Professor Wilkinson is a foremost authority on U.S. land use laws concerning public lands and Indian lands and he is the author of several books on these legal topics of particular interest in the West. The video is divided into three short segments: federal public land laws, Indian law and policy, and water law. Professor Wilkinson shares an insightful story about the inception of Grand Staircase Escalante National Monument in Utah and inspiring stories of the resurgence of Indian nations. His brief primer on public land law, water law, and Indian law informs us with a deeper understanding of our Western land heritage and the importance of our federal laws.

In 1974 Elaine was the first (and only) woman to lead the Black Panther Party. So what did the Black Panthers and Huey Johnson, an environmentalist, have in common? A lot, as we will learn in this interview between Huey and Elaine. Elaine shares the lessons she learned from Huey Johnson and how they have influenced her life's work. She explains her current project aimed to create opportunities for those with "extreme barriers to employment" such as former inmates, disabled people and others. Her passion and spirit should inspire us all.

A lifelong activist for wilderness, a wholesome environment, and peace and social justice, Michael Frome, at age 95, has stories to tell. A strong and principled journalist since the 1960s, he is one to tell the truth about our public lands and parks. He has always been passionate about telling stories about the management of federal public lands. His stories and reports have been published in a variety of newspapers and magazines. He is also a prolific author of many books as well. Because of his outspoken views on the threats to public lands, he was fired from several jobs. However, he would not be silenced, he continued to report on topics such as clear cutting forests and the influence of logging, grazing, mining and hydropower threats to public lands.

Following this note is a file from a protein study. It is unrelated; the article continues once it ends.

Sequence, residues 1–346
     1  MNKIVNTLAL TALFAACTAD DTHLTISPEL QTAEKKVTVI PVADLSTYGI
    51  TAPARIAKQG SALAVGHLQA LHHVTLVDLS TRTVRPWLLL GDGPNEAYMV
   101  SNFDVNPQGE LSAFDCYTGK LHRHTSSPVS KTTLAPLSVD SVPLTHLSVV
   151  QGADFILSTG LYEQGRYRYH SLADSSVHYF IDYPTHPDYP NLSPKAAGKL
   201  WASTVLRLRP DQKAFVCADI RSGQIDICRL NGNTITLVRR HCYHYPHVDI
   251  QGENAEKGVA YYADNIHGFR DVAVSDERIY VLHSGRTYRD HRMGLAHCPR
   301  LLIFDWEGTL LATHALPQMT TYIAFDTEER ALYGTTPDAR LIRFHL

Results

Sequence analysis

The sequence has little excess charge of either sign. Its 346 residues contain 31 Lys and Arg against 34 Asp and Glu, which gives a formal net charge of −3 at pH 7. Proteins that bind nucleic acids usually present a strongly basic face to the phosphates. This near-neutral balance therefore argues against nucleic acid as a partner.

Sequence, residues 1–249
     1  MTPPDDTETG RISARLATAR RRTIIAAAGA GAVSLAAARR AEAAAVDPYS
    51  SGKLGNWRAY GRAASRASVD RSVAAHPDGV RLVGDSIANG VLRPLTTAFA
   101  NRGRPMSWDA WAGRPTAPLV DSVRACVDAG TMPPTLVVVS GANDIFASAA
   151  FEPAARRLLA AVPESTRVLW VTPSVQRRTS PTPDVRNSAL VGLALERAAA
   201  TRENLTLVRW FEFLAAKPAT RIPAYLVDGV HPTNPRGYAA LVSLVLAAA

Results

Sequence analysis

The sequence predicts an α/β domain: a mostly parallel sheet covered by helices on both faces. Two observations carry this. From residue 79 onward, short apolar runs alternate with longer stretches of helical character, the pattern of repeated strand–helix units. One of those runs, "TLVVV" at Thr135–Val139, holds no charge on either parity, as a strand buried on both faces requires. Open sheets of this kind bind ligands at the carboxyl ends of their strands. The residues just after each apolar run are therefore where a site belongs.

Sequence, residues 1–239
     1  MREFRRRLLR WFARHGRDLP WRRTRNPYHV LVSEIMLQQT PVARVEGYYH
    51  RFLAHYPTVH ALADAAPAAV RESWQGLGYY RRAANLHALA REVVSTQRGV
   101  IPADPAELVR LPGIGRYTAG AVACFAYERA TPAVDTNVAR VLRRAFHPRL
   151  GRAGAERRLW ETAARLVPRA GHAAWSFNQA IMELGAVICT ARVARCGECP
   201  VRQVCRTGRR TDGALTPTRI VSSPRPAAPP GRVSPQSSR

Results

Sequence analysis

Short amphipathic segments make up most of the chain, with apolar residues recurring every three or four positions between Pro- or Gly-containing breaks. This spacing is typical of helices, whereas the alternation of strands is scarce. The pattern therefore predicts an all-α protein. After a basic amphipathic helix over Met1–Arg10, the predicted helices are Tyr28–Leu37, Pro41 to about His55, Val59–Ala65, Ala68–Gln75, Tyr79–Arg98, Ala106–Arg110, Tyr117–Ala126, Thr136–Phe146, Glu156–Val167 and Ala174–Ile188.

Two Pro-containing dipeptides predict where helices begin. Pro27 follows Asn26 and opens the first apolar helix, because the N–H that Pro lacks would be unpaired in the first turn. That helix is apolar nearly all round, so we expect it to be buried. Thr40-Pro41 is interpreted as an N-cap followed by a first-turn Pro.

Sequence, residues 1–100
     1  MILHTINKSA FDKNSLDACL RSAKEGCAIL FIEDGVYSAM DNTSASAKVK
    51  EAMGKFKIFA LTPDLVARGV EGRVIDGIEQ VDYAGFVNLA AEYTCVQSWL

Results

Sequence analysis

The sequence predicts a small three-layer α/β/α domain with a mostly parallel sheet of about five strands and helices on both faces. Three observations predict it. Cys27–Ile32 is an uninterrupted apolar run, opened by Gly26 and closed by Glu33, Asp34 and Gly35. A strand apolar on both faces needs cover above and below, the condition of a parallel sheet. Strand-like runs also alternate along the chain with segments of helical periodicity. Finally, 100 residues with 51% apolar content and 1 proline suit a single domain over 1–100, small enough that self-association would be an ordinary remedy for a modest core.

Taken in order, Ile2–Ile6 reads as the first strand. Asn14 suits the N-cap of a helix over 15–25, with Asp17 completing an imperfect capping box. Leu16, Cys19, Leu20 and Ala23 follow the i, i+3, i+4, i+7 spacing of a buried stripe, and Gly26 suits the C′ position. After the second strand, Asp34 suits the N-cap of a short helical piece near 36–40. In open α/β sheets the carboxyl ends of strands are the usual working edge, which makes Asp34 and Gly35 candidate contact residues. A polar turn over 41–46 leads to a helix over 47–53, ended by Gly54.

Ken tells the story of how he started his career to become one of the foremost environmental writers today.  As the eldest son of environmentalist, David Brower, Ken developed an early love of wilderness and was able to convey his thoughts eloquently in writing. In this video, Ken talks about his writing, some ideas concerning wilderness, and reminisces about his famous father. Among Ken's published environmental works are two very unique biographies: one about the scientist Freeman Dyson and his son, George (The Starship and the Canoe) and the other, a biography of his father (The Wildness Within), which kicked off a one-year celebration of David Brower's 100th birthday.  

Robert Garcia shares his story about The City Project, which he founded in Los Angeles in 2000. The City Project exists to build support for city parks as a civil rights issue for communities of color. The City Project is based on the idea that children in the inner cities deserve to have a safe, green, place to play. In order to appreciate nature, children must first experience it for themselves. Robert explains why this issue is important to him.

Learn how Joseph Brecher, in 1970, found his way into environmental law. He tells his story about the wilderness case of Admiralty Island in Alaska. Yes, this was worth the fight!